Foreign Suppliers Continue To Envy Azerbaijan’s Oil

azerbaijanoilForeign oil companies first arrived in Azerbaijan in the early years of this century, and the capital Baku was famous throughout the region for its elegant homes, wide boulevards, and sophisticated European touches, all thanks to oil money.

Following the Bolshevik Revolution, the Soviets took over the industry. After decades of bad management and questionable extraction techniques, they had largely driven it into the ground by the time the USSR collapsed in 1991.

Hearing reports of freshly discovered offshore fields and sensing a potential bonanza, multinationals like British Petroleum, Amoco, Exxon, Unocal, Statoil (Norway’s state oil company), Lukhoil of Russia, and Turkish Petroleum rushed in to sign development deals. Eventually, the multinationals along with the local Azeri oil company set up a consortium called the Azerbaijan International Operating Company (AIOC).

Consortium production is around 70,000 barrels a day, but the AIOC hopes to eventually boost pumping to more than ten times that figure when the three Azeri fields are fully developed, with around 500,000 barrels per day destined for foreign sales and dollar earnings.

However, getting the oil to market remains the hard part. Two pipelines, one from Baku to Georgia’s Black Sea port of Supsa and another from the Azeri capital to the Russian Black Sea terminal at Novorossiysk, c\an together only handle around 200,000 barrels per day, or a 300,000 barrel shortfall.

When the companies and other interested parties realized another pipeline was needed, the intrigue started. The United States was keen to ensure that any future pipeline crossed neither Russia nor Iran – the former because the US wanted Azerbaijan and the other Caucasus and Central Asian nations weaned off their historic reliance on Moscow and the latter because Washington is doing everything in its power to isolate the mullahs governing in Tehran. Furthermore, the US wanted to help exploit new oil sources, as Persian Gulf deposits are expected to decline soon, and at the same time aid US companies risking billions of dollars in investments in a very volatile region.

Ambassador Richard Morningstar, the Clinton administration’s point man on energy issues in the former Soviet Union, summed up US policy in a speech to area experts last fall, saying that these new nations at last “have a chance to seize their own destinies and develop into a band of stable and prosperous nations.”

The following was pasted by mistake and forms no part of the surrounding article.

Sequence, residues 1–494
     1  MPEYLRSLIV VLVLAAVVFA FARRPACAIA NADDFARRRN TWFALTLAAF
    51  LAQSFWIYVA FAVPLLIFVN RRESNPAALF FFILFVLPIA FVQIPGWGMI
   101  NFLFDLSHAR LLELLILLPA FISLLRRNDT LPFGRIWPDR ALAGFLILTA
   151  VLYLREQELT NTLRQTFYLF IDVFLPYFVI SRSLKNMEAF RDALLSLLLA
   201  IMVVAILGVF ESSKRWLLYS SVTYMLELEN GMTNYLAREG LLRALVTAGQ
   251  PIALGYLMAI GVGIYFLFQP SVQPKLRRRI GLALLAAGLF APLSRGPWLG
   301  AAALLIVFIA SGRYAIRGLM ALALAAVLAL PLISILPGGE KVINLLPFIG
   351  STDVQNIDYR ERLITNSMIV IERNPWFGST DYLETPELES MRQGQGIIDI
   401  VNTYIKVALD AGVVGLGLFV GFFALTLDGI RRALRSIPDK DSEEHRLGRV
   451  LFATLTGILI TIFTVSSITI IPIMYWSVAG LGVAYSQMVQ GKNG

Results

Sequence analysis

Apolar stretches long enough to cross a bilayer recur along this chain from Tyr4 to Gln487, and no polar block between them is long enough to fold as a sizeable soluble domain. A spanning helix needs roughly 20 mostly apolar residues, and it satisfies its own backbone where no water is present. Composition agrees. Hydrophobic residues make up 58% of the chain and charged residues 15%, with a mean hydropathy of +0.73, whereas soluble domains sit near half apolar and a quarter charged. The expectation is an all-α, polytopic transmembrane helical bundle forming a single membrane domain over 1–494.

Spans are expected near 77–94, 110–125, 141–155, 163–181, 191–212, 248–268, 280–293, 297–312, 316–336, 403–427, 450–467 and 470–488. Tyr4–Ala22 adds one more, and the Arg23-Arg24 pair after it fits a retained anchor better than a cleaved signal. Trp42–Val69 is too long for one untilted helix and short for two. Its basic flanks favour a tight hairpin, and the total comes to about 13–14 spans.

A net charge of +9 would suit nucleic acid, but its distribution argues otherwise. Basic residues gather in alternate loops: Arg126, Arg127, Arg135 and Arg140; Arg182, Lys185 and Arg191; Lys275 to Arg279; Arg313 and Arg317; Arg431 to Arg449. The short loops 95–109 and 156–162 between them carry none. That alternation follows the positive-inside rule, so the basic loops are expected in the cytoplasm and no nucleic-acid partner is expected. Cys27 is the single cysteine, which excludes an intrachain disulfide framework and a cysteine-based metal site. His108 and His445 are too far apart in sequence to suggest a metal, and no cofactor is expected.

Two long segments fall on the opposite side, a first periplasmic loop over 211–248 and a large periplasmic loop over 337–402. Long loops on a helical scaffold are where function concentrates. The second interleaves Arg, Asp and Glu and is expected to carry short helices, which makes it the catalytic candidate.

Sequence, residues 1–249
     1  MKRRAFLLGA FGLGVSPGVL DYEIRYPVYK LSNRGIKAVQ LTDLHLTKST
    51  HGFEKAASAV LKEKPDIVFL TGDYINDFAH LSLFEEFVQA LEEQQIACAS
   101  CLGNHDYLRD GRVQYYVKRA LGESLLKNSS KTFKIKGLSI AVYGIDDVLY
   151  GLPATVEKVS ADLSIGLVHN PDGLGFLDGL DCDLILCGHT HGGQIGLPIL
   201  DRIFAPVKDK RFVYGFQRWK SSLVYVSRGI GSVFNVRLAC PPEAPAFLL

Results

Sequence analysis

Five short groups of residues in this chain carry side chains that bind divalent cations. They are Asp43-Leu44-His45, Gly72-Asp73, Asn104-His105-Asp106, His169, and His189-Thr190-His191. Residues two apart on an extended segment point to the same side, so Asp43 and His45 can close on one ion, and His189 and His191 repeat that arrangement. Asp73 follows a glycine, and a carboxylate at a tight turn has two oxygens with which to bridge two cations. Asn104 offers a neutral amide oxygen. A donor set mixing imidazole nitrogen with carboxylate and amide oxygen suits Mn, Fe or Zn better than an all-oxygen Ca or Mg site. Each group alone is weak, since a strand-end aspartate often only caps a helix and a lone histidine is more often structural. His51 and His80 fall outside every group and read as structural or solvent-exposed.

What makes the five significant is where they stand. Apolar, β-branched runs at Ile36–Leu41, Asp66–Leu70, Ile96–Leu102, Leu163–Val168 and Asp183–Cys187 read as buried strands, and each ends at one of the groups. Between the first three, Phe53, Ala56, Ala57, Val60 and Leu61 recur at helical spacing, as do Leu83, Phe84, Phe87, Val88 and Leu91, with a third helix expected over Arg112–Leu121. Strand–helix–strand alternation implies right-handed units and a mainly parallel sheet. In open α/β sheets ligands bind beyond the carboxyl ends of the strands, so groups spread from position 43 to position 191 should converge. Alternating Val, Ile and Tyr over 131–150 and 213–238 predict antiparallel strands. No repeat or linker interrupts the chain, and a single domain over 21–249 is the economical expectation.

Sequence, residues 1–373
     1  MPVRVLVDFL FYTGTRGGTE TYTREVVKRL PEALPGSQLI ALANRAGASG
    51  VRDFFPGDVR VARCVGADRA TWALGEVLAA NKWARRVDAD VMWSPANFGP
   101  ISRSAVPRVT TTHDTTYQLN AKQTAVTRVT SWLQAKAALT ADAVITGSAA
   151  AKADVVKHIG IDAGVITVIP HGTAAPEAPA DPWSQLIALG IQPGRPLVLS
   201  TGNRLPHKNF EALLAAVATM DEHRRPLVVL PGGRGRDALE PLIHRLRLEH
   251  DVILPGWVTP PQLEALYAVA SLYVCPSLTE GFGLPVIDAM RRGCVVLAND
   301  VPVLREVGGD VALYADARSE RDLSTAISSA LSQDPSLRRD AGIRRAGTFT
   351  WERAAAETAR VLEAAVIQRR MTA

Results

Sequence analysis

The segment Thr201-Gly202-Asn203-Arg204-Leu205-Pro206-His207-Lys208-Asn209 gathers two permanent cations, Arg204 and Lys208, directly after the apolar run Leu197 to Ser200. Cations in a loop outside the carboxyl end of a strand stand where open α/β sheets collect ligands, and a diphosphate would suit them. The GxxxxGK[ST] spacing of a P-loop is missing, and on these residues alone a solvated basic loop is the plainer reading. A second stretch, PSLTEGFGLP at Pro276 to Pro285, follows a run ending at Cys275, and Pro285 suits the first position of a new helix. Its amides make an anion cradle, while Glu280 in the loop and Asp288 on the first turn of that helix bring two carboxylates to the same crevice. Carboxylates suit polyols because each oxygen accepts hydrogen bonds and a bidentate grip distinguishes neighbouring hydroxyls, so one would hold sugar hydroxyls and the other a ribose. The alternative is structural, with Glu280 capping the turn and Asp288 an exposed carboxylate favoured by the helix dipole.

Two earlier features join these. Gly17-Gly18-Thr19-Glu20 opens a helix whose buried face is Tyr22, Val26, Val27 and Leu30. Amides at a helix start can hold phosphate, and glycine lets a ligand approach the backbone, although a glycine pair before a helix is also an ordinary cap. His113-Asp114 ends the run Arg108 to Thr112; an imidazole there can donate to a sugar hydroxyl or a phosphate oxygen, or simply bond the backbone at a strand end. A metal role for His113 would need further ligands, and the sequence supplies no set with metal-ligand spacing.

“Helping them to achieve this vision, while at the same time enhancing our energy security, the energy independence of the region, and promoting opportunities for our companies, is clearly in the national interest of the United States,” he explained.

The United States favored a route from Baku, running through Georgia and then south through Turkey to that country’s Mediterranean port of Ceyhan, even though a new pipeline along this route could cost as much as $4 billion. This figure would be twice what it would cost to upgrade and expand the two Black Sea pipelines favored by the AIOC consortium, and with world oil prices plunging to historic lows, cost became an important issue.

Turkey was, of course, enthusiastic about the Baku-Ceyhan route, arguing that oil piped to either Supsa or Novorossiysk would have to be shipped aboard tankers passing through the Bosporus, a narrow and already overcrowded waterway that bisects Istanbul. Any accident or massive oil spill would be disastrous, according to Ankara.

In addition, Turkey was willing to turn up the heat on the oil companies to make sure it got its way. In November, its then maritime affairs minister, Burhan Kara, imposed harsher rules for tankers and other vessels in the Bosporus and threatened to significantly raise transit fees on the waterway. “Then they’ll see what happens to their dreams of cheap oil,” Kara said.

At the same time, Turkish press reports said the government-owned refinery operator was ready to stop buying crude from BP Amoco unless the AIOC loudly and clearly proclaimed its support for the Baku-Ceyhan route, which Turkey claims would only cost around $2.3 billion.

Once it appeared the oil companies were turning a deaf ear to the blandishments and threats and were ready to announce they preferred the Baku-Supsa route, Washington immediately huddled with Ankara to discuss incentives and credits for financing the Ceyhan pipeline that could sway the AIOC.

It may be working. At press time the consortium was still weighing the three routes, and Ambassador Morningstar was optimistic the multinationals were listening. “I think the AIOC position has modified because they understand the political realities of Baku-Ceyhan,” he told reporters in Turkey. “They are fully prepared to reach a joint conclusion and that is a constructive step.”

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